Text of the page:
Does Home Insurance Cover Working From Home? Understanding What Is & Isn’t Covered

by | Jul 27, 2020 | Auto & Home, Business

Did You Know?  The Bureau of Labor Statistics estimated that 29% of the labor force was capable of working from home back in 2018. Now in 2020, in light of the coronavirus pandemic, these statistics have substantially increased.

Companies across the country have been moving to remote working, in an effort to keep their staff and consumers safe. If you are one of the millions of employees suddenly calling your kitchen table your workspace, this article answers some of the questions you may have, which go well beyond your ability to balance your newfound home/work life.

Let’s address one major issue people are concerned about. There have been a lot of questions about whether working from home affects homeowners insurance. The simple answer is, “YES,” it most likely does affect your policy. However, it really depends on the kind of employee (or contractor) you are and what your exact situation is.

Here’s what you should know…

Work-From-Home Insurance Coverage

Home insurance is obviously not business insurance. It protects your personal property, activities and belongings. If something is deemed “for business use,” there are strict limits to how home insurance handles that loss.

Let’s say, for example, your policy offers some protection for business property, like a laptop computer. You might be covered for what you think could be up to $2,500 for damaged or lost business property, which happens in your home. But, what if damage or loss happens when you’re away from home? That policy may cap the payout to be only $250, which is substantially less!

This limited home insurance coverage may apply to both the personal laptop you use for work, or the laptop you use to run your business at home, which is not unusual for home insurance policies. Your risks as a homeowner (renter) are very different from your risks as a business owner or employee, as many home-based independent contractors or gig workers will tell you.

Coverage for Employees vs. Independent Contractors

In the eyes of the law independent contractors are considered to be business owners. That means they are responsible for paying everything out-of-pocket in order to cover their at-home business. That means paying for their own liabilities, taxes, insurance equipment, inventory, and more.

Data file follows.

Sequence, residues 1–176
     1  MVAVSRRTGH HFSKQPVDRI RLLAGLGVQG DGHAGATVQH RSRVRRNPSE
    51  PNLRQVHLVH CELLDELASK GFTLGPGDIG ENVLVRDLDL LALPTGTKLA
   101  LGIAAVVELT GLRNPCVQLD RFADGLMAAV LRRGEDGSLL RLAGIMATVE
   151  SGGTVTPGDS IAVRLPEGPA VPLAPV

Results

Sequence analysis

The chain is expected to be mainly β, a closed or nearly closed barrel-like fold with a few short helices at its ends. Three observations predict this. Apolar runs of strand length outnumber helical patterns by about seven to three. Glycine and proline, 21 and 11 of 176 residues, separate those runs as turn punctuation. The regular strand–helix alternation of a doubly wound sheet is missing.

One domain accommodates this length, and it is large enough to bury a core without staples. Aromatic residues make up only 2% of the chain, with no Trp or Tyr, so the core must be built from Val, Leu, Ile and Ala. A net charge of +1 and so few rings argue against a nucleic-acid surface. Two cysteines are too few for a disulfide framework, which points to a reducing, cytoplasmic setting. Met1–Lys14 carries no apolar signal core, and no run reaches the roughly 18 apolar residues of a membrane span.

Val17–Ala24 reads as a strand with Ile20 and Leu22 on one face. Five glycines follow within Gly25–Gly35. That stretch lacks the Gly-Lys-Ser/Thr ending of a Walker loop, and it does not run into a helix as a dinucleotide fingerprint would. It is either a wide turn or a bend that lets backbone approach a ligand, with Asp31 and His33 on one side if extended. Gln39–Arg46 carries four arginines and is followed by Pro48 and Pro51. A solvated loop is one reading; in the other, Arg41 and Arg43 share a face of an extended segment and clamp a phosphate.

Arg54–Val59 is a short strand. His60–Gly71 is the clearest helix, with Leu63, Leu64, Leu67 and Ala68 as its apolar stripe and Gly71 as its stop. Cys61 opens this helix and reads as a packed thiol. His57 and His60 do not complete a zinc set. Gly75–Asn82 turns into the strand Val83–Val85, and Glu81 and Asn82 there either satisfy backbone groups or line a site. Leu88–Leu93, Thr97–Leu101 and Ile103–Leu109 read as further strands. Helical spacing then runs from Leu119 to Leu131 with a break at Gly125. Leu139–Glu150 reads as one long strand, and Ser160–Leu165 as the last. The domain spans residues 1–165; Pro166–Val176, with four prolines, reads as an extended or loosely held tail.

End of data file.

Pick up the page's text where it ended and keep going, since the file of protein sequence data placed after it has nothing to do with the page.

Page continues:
A home insurance policy, as you can see, is not enough to cover these obligations. You would need business insurance to address your work liabilities, (example: A client visits your home and has an injury while there) and to cover business property (exceeding approx. $2,500 in value).

For full-time remote employees, they are entitled to have their employer provide the tools and equipment needed to get the job done. According to surveys, even under normal circumstances, approx. 70% of professionals work from home at least once a week, and nearly 55% telecommute for at least half the week. Some remote-working employer obligations include:

  • Covering business-owned equipment with commercial property insurance.
  • Providing liability coverage for the employee’s work.
  • Paying half their remote employee’s employment taxes.

The question is who covers that stolen personal laptop an employee uses for work, while working at home?

If it’s a company-bought laptop, the employer will typically cover its replacement. But, a personal laptop stolen from your home that you use for work could be covered by your homeowners (home renters) policy. This is certainly a topic for employees, employers and insurance agents to discuss.

If your full-time work-from-home employment requires you to occasionally meet with clients in your home, be aware that home insurance will not cover business-related visitor injuries. Your company’s general liability insurance should cover that, but be sure to discuss that with your employer.

Home Insurance Gaps

It’s important find out what coverage extends to you while you are performing company tasks from your home. Full-time work-from-home employees will usually have coverage for:

  • Workers’ compensation for injuries that happen to you while working (not during non-work hours or non-work tasks).
  • Limited coverage for personal property while performing work-related tasks.
  • Any business property provided to you while working at home.
  • Liability coverage for business-guest injuries on your property.

As a remote full-time employee, your benefits (including insurance) are extended to you while working from home, just as they would be if a company sends someone to a conference and there is an issue with theft or injury while traveling.

Independent contractors, on the other hand, generally get paid 10-20% more because they cover all of their own business costs (insurance, taxes, etc.).

If you’re a full-time employee concerned about any of these things while working from home, talk to your supervisor for clarity.

A proper business insurance policy will typically cover:

  • Your business property both on and off your home premises.
  • Business liability for injuries on or off your property, or issues with your work.
  • Business interruption insurance to cover lost revenue, when a covered loss forces you to temporarily reduce business operations.

Let United Agencies help clarify what is and isn’t covered during these unusual times. Click the button below for assistance. We are always happy to help.

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